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German climate activists end hunger strike ahead of election

Published: Updated:

Two climate activists ended their hunger strike outside parliament after a leading candidate for chancellor of Germany agreed to a public meeting with them following Sunday’s general election.

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The decision came just hours after the hunger strikers had escalated their protest Saturday, refusing liquids in addition to food. They had demanded that Olaf Scholz, the candidate for the center-left Social Democrats, declare publicly that Germany faces a climate emergency.

The hunger strikers said Scholz called them on Saturday afternoon, seven hours after they stopped taking liquids, and agreed to a public meeting within a month after the vote.

Scholz confirmed the agreement in a statement on Twitter, saying saving lives takes precedent. The candidate and his two rivals from the environmentalist Greens and the center-right Union bloc had turned down the hunger strikers’ initial demand for a meeting before the election.

The issue of climate change has been central to the election campaign, but climate activists say the plans of the political parties aren’t far-reaching enough to limit global warming to 1.5 degrees Celsius (2.7 Fahrenheit) — the more ambitious limit in the 2015 Paris climate accord.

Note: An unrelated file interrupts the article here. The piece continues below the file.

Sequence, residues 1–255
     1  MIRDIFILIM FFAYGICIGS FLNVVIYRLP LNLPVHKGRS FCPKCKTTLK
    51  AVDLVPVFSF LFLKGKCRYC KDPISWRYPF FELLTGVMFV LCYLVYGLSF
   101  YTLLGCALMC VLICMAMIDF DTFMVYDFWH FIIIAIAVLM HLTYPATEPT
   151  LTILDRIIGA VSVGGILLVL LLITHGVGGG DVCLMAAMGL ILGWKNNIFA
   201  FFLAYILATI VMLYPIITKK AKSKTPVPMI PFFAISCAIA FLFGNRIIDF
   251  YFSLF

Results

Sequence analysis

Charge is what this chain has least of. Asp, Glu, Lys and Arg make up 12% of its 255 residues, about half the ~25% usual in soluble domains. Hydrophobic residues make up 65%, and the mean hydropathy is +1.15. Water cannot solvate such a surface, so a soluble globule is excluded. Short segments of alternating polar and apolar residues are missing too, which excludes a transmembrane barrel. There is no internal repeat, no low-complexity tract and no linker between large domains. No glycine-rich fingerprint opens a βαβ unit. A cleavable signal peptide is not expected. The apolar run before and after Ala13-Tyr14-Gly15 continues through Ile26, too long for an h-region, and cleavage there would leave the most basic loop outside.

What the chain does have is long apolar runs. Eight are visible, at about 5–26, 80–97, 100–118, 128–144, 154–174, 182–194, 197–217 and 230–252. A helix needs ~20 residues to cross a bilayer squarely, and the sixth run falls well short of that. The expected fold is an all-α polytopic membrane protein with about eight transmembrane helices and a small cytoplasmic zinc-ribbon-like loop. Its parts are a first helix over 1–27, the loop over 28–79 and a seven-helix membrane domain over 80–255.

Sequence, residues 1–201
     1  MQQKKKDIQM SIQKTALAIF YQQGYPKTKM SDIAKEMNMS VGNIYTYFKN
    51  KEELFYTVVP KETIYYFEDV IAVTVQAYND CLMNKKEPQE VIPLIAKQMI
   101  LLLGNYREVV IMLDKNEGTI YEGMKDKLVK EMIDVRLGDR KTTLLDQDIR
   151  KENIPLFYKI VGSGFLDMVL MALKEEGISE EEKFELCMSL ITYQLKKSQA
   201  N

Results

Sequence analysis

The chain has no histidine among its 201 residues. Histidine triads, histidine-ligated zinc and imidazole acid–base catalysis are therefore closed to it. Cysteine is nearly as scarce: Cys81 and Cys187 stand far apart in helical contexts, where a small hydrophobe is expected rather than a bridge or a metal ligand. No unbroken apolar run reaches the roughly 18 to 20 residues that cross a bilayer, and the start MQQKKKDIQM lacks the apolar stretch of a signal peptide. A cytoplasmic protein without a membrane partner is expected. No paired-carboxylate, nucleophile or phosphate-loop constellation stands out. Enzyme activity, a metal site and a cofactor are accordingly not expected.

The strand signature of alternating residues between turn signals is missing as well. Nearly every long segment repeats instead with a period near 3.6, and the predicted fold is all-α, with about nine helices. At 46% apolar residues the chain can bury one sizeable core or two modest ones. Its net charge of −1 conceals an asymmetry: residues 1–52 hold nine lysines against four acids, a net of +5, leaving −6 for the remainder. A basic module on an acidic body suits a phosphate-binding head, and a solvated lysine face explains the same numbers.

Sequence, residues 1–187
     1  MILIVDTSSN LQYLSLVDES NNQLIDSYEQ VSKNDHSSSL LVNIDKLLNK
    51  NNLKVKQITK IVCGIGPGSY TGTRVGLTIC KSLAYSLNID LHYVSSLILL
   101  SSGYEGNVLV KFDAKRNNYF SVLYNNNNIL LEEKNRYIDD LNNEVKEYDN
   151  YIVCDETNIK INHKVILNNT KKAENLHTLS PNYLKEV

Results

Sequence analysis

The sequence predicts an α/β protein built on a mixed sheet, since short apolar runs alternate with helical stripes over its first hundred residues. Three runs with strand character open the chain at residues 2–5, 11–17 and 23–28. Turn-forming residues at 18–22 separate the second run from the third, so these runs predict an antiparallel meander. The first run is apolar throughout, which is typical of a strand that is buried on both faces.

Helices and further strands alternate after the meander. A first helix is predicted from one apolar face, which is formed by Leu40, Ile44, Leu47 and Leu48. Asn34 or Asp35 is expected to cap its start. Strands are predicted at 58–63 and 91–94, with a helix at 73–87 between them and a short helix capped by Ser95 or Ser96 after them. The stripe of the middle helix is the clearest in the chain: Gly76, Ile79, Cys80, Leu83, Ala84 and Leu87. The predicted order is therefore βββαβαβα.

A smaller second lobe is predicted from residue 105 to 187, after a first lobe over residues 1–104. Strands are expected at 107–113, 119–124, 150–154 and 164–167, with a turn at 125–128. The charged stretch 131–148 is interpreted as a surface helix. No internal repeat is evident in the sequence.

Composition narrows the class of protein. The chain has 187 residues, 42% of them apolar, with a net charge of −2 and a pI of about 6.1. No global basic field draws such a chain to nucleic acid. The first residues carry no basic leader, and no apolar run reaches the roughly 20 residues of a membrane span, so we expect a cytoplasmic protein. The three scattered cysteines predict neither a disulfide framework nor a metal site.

On Friday, tens of thousands of protesters, led by Swedish climate activist Greta Thunberg, had delivered that message in a rally outside the German parliament, across the street from a tent camp the hunger strikers had pitched in a park in late August.

Hunger striker Henning Jeschke, who went without food for 27 days, said politicians had failed and called for continued peaceful resistance.

Jeschke was initially one of seven hunger strikers, but the others dropped out this week. He was joined on Monday by another protester, Lena Bonasera, who also ended her fast on Saturday.

Germany’s election is too close to call. Polls suggest the Social Democrats have a slight lead over the center-right Union bloc led by Armin Laschet.

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